Author Topic: CAREER GROWTH: Taking control of your career  (Read 5883 times)

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loebtmc

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Re: CAREER GROWTH: Taking control of your career
« Reply #15 on: Jul 07, 2010, 06:23 pm »
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I would ask yourself: what do I want from my career? Take some time to list your career goals, what do you want next? And after that? What time period are you looking at that's reasonable to accomplish these goals? What do you feel you have to do to accomplish/move your career forward? 

Maybe I am reading this incorrectly, but I think Matthew's initial topic is not so much a "how to get clear and decide what I want/manifest my dreams" kinda qq but rather a practical discussion on steps people take to open doors to jobs once they decide where they want to be; a veritable road map, as it were. So it's not so much "wow I would really like to be on a production contract" but instead "to get my first production contract I observed X shows and stayed in touch w this or that PSM" /"chatted up PMs in the local road houses and left resumes" / "took everyone for drinks and got them to sign binding contracts while snockered" kinda stuff. For example, I really want to work in the big contract houses locally and have done all the traditional steps to get them to know me, and I have done the personal work - but enjoy learning (for example) how others opened up seemingly locked doors or overcame specific prejudices (age/gender/etc). What kinds of qqs did the PSM love being asked when you observed, how did you stay out of their way but still impress enough to be put in the rolodex - that is, practical actions taken.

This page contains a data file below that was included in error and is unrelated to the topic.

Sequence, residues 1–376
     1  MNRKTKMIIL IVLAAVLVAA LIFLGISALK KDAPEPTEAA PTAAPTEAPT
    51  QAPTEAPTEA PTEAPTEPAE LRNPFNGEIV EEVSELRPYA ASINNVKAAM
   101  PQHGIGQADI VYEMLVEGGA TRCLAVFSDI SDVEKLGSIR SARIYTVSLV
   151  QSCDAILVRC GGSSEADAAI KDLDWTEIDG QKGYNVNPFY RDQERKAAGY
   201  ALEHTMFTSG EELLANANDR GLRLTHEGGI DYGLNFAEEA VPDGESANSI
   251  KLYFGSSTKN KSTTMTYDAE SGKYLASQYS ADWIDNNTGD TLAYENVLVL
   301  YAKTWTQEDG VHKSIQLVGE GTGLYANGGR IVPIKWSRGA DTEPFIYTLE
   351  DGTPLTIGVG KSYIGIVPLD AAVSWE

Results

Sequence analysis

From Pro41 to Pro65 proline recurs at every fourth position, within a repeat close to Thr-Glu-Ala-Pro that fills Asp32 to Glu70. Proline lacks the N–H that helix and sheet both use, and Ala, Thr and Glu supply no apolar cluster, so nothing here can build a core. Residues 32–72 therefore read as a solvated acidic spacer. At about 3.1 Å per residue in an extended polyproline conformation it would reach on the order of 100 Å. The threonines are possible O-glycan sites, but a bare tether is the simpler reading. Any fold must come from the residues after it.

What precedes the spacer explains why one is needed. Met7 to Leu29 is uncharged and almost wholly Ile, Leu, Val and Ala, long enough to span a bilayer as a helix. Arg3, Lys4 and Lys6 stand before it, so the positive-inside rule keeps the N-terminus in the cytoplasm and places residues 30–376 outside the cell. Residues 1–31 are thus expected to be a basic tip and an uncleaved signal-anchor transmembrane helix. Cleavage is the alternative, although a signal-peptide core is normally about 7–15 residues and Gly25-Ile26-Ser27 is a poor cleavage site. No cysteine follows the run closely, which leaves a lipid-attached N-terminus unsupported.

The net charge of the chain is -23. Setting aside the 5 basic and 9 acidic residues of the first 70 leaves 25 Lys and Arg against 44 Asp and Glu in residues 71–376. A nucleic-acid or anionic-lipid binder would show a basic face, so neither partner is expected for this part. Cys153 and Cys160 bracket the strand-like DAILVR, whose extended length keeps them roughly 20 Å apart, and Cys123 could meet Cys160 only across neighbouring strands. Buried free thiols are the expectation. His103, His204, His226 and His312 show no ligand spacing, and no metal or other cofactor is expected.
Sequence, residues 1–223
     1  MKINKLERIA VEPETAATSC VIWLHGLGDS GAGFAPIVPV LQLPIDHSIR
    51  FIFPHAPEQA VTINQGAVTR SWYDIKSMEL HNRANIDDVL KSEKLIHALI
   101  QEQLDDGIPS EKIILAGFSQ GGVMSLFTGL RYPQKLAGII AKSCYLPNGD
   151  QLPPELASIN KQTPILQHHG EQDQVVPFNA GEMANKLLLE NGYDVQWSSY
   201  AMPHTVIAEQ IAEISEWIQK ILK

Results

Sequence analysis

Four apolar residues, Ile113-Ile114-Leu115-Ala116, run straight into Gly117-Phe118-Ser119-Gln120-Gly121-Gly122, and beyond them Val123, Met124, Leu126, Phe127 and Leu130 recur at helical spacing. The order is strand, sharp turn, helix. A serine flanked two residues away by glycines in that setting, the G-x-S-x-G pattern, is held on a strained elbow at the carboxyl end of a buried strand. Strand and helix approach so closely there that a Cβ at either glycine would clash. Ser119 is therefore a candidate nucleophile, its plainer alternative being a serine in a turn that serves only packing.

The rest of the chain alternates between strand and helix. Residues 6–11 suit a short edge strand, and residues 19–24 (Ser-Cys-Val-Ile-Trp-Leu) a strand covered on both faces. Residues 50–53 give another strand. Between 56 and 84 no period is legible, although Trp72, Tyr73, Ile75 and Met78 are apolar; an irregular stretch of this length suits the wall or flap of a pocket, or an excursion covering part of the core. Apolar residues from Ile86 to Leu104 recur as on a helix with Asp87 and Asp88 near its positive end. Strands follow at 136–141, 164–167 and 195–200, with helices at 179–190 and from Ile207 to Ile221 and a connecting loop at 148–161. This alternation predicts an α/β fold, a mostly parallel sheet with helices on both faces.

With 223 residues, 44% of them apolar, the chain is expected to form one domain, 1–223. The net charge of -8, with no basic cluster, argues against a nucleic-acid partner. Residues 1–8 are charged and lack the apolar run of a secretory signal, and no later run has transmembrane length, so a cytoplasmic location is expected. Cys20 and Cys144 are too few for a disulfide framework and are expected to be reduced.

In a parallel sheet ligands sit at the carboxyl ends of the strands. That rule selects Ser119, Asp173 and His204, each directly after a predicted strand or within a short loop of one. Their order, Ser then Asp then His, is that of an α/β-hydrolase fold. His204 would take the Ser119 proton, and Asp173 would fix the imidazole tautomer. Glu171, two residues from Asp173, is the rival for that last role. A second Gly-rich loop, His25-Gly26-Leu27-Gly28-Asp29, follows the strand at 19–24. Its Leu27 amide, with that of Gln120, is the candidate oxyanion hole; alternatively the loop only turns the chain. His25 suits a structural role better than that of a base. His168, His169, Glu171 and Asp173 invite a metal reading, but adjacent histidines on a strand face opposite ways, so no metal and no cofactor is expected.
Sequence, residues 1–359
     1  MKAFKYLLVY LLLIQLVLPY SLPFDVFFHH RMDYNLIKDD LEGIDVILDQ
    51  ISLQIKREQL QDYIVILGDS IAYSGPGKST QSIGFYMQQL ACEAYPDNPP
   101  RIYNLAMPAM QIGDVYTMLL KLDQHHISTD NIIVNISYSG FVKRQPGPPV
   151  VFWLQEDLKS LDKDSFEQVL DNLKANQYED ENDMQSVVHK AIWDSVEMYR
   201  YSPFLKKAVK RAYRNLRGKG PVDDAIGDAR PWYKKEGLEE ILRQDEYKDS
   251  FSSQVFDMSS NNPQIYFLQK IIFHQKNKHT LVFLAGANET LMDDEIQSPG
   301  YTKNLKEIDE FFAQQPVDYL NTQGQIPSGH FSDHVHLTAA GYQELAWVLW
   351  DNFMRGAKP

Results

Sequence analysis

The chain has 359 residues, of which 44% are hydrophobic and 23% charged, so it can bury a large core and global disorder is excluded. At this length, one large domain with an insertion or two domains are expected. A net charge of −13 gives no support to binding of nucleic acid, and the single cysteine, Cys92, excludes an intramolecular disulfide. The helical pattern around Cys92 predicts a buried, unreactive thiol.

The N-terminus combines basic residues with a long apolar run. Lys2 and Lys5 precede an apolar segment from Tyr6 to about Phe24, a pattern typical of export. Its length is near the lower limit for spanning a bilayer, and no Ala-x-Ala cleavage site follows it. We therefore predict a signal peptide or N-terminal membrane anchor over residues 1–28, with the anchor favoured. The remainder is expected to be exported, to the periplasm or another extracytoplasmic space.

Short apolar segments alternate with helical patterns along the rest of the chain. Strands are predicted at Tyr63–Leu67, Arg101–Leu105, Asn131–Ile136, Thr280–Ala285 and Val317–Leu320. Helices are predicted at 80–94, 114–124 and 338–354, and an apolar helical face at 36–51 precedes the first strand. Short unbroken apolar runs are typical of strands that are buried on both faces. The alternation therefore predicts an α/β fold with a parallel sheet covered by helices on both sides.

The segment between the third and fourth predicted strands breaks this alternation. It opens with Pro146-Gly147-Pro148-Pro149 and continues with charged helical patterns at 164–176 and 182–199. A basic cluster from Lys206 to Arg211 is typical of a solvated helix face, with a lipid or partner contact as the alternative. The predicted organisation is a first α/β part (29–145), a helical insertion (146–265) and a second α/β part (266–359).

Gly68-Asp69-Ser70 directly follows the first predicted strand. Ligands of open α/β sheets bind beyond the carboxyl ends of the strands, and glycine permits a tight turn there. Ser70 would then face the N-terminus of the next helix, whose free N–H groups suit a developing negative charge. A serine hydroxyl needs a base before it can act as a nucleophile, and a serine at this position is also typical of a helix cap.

In other words, how to take control of a career where luck, chance and happenstance are as much a part of the deal as skill and experience.

At least, that's what I think this topic means to share. Please feel free to correct me if I misunderstood!

« Last Edit: Jul 07, 2010, 06:24 pm by loebtmc »

MatthewShiner

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Re: CAREER GROWTH: Taking control of your career
« Reply #16 on: Jul 07, 2010, 07:42 pm »
Yes, lobtmc, that is the main thrust behind behind this conversation.  But, part of what you need to do before you make the move is figure out where you want your career to go - so SMrose really brings up the conversation to have BEFORE the one I am proposing now.

Really, I am talking about the career choices when you are past the "I just need a job", to make your next job choice with the bigger career choice in mind.  Granted, continued employment is part of that, but there comes a point where you have to say "the next job is not the job that is going to take me to the next point in my career".  And how do you know it's time to shake up you career?  When does a series of jobs not make a career?